3.
Topographic
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Topography is the study of the shape and features of the surface of the Earth and other observable astronomical objects including planets, moons, and asteroids. The topography of an area could refer to the shapes and features themselves. This field of geoscience and planetary science is concerned with detail in general, including not only relief but also natural and artificial features. This meaning is common in the United States, where topographic maps with elevation contours have made topography synonymous with relief. The older sense of topography as the study of place still has currency in Europe, topography in a narrow sense involves the recording of relief or terrain, the three-dimensional quality of the surface, and the identification of specific landforms. This is also known as geomorphometry, in modern usage, this involves generation of elevation data in digital form. It is often considered to include the representation of the landform on a map by a variety of techniques, including contour lines, hypsometric tints. The term topography originated in ancient Greece and continued in ancient Rome, the word comes from the Greek τόπος and -γραφία. In classical literature this refers to writing about a place or places, in Britain and in Europe in general, the word topography is still sometimes used in its original sense. Detailed military surveys in Britain were called Ordnance Surveys, and this term was used into the 20th century as generic for topographic surveys, the earliest scientific surveys in France were called the Cassini maps after the family who produced them over four generations. The term topographic surveys appears to be American in origin, the earliest detailed surveys in the United States were made by the “Topographical Bureau of the Army, ” formed during the War of 1812, which became the Corps of Topographical Engineers in 1838. In the 20th century, the term started to be used to describe surface description in other fields where mapping in a broader sense is used. An objective of topography is to determine the position of any feature or more generally any point in terms of both a horizontal coordinate system such as latitude, longitude, and altitude, identifying features, and recognizing typical landform patterns are also part of the field. There are a variety of approaches to studying topography, which method to use depend on the scale and size of the area under study, its accessibility, and the quality of existing surveys. Work on one of the first topographic maps was begun in France by Giovanni Domenico Cassini, in areas where there has been an extensive direct survey and mapping program, the compiled data forms the basis of basic digital elevation datasets such as USGS DEM data. This data must often be cleaned to eliminate discrepancies between surveys, but it forms a valuable set of information for large-scale analysis. The original American topographic surveys involved not only recording of relief, remote sensing is a general term for geodata collection at a distance from the subject area. Besides their role in photogrammetry, aerial and satellite imagery can be used to identify and delineate terrain features, certainly they have become more and more a part of geovisualization, whether maps or GIS systems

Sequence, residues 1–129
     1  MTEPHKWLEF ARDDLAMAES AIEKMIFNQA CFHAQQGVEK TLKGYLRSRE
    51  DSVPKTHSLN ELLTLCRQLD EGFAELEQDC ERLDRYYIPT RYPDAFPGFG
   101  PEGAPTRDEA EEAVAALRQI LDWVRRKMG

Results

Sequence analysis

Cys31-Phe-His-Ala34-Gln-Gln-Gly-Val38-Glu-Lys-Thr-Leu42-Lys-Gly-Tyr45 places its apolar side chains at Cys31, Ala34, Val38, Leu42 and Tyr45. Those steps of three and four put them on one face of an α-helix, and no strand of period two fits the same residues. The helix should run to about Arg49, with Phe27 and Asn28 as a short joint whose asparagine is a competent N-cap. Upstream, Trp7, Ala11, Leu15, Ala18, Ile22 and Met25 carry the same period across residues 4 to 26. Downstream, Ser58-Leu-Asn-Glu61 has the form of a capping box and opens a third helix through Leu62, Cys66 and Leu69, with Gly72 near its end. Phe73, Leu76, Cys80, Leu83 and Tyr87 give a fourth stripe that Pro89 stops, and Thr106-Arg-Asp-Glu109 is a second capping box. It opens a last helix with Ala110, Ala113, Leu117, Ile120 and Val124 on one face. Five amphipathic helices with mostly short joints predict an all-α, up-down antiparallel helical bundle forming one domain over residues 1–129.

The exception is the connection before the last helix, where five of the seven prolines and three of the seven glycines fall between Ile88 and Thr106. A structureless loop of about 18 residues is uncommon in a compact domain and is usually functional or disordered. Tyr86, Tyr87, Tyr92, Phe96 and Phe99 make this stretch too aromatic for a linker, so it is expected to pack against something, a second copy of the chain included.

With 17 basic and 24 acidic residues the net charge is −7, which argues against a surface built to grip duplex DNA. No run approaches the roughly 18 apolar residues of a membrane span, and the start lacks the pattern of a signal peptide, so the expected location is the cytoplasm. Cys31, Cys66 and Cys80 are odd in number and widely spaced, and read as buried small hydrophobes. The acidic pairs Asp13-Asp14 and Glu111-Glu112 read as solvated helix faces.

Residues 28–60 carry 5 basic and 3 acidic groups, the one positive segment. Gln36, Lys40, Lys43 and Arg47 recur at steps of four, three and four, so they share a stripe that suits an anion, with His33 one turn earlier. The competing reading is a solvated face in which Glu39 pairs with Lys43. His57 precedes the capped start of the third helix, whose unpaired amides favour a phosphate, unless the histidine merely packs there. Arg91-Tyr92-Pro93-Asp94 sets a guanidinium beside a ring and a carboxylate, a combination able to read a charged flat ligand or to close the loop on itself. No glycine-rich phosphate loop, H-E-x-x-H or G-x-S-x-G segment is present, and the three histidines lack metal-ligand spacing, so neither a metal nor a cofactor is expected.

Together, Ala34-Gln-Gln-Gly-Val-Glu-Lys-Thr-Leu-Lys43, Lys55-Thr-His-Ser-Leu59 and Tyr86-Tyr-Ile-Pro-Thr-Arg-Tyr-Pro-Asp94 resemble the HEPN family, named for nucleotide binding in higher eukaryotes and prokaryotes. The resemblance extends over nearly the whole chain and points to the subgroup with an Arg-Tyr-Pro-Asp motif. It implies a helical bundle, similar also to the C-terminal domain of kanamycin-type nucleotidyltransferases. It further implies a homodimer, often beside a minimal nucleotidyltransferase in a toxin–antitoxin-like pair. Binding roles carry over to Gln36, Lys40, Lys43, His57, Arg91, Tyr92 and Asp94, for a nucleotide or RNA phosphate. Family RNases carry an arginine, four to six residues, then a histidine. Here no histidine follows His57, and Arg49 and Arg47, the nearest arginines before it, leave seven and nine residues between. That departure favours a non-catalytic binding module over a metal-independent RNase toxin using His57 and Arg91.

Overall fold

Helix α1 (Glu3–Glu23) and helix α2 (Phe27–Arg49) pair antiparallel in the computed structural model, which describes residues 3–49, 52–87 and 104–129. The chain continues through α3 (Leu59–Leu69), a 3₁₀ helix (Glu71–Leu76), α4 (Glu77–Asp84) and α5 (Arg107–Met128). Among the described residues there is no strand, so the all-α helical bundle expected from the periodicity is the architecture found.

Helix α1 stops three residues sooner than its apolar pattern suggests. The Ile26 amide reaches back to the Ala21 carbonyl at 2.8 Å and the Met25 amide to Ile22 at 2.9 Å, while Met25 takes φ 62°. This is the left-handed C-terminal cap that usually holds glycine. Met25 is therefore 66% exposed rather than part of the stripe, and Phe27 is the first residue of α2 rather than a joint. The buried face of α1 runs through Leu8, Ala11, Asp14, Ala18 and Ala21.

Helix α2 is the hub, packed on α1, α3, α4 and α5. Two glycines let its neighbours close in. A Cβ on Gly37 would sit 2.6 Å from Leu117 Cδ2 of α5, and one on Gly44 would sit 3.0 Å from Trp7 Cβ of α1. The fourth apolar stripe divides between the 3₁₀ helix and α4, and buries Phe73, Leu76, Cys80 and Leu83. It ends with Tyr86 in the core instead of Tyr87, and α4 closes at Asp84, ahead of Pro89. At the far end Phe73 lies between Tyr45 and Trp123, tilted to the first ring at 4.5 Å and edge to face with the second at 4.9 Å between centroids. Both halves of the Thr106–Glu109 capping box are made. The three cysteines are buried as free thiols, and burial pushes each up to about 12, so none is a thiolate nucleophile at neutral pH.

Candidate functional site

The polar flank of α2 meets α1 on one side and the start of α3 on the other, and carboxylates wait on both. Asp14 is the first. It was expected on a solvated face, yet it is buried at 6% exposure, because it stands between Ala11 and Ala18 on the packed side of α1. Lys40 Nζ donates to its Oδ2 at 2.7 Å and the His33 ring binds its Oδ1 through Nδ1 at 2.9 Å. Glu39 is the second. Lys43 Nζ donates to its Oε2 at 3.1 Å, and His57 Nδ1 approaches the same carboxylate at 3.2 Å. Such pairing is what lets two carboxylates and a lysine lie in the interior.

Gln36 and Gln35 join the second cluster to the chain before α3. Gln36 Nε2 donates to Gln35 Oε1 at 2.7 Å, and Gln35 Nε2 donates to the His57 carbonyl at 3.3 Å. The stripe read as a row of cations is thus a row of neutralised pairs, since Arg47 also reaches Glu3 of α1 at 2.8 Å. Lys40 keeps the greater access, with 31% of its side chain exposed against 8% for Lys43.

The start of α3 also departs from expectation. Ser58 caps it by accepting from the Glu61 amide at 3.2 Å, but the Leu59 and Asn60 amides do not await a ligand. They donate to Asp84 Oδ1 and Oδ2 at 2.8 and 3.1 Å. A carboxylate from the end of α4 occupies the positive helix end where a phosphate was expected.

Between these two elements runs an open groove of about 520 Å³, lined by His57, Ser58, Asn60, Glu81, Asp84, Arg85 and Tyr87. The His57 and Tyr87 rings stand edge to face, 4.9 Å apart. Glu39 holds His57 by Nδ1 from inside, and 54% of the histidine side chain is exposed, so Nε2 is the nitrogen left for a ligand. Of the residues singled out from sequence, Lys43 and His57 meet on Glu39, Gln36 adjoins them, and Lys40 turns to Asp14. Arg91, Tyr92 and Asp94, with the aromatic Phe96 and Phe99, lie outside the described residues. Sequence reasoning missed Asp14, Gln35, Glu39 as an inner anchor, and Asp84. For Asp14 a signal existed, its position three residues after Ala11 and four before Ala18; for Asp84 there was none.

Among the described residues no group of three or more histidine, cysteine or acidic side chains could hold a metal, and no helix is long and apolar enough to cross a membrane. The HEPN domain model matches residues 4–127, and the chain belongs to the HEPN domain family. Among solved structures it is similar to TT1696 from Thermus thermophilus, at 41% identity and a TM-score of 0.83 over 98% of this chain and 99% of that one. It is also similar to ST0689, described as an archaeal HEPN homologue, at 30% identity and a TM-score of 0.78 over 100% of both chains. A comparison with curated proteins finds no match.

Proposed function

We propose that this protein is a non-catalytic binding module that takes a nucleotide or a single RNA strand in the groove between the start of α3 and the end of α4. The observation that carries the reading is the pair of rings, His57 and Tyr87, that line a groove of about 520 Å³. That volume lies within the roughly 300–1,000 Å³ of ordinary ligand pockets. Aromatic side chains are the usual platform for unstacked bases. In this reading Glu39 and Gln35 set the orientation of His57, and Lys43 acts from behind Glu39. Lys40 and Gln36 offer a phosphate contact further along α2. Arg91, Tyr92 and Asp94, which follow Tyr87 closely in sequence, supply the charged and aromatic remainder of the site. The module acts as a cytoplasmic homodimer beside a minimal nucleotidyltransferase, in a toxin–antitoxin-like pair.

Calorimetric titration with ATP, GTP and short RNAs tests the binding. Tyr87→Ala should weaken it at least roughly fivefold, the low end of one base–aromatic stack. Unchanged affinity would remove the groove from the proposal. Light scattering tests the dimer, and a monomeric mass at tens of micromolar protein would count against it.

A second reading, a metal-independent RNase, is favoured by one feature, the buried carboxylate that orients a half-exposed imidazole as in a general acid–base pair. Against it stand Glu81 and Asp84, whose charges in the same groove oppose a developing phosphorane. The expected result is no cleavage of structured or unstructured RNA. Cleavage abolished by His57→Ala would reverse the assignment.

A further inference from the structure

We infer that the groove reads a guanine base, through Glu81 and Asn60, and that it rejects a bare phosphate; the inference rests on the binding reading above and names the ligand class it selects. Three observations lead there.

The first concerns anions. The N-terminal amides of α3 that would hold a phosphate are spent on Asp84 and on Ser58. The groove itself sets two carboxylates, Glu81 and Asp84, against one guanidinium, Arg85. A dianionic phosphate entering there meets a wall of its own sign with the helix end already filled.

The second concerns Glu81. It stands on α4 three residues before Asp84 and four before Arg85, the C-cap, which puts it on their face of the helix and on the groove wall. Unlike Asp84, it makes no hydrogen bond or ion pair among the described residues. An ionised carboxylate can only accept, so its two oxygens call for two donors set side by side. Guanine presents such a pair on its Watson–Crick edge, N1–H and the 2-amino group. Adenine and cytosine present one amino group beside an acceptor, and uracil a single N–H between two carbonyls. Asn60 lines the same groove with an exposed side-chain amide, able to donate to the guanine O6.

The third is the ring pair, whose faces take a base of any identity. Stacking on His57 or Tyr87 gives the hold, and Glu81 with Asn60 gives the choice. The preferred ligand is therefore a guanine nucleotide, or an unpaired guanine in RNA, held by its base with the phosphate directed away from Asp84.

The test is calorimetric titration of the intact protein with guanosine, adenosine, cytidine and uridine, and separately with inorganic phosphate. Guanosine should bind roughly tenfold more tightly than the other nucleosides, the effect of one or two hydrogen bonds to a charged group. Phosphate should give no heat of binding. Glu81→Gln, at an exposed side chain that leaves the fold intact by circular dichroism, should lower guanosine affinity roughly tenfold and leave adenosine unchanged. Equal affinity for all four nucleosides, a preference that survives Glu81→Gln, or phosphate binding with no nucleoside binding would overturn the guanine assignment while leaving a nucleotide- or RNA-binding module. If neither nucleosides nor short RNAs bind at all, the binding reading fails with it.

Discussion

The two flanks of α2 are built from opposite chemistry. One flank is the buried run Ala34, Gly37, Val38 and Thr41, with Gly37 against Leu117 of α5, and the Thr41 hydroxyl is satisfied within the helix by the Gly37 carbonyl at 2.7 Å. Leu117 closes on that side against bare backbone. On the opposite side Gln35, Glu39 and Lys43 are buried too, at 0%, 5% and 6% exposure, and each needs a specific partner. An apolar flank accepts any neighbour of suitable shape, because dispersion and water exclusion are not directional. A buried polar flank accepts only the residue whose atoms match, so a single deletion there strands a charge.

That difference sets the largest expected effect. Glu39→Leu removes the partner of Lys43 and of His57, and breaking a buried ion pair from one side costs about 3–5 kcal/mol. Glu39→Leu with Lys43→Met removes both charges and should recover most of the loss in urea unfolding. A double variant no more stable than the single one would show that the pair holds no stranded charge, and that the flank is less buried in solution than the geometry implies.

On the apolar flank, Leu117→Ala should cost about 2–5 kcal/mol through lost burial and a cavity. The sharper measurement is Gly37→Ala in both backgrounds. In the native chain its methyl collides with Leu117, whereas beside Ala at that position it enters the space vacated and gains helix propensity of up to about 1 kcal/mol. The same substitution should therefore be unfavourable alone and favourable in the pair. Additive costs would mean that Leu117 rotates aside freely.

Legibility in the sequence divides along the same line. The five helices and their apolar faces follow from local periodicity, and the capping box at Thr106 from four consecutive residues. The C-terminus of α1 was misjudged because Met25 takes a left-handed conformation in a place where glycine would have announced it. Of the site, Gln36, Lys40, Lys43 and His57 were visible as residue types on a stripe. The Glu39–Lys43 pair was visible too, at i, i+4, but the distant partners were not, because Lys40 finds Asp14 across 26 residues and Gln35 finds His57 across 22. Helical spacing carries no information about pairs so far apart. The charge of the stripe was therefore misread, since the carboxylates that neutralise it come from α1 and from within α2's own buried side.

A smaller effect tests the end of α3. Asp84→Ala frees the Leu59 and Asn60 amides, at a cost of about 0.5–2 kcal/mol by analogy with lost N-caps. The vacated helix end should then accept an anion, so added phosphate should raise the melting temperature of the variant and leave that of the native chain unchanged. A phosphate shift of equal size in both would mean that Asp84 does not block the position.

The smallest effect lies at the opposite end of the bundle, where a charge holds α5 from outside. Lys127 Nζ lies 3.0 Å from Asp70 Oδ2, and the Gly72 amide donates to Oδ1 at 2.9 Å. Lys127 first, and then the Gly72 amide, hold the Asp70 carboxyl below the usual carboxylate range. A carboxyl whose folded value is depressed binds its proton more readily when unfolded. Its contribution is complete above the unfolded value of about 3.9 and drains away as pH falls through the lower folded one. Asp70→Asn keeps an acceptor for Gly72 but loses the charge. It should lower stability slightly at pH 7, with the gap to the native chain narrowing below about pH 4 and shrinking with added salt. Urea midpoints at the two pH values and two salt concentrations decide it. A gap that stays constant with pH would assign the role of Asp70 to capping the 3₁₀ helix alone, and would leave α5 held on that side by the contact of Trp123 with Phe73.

4.
Waveguide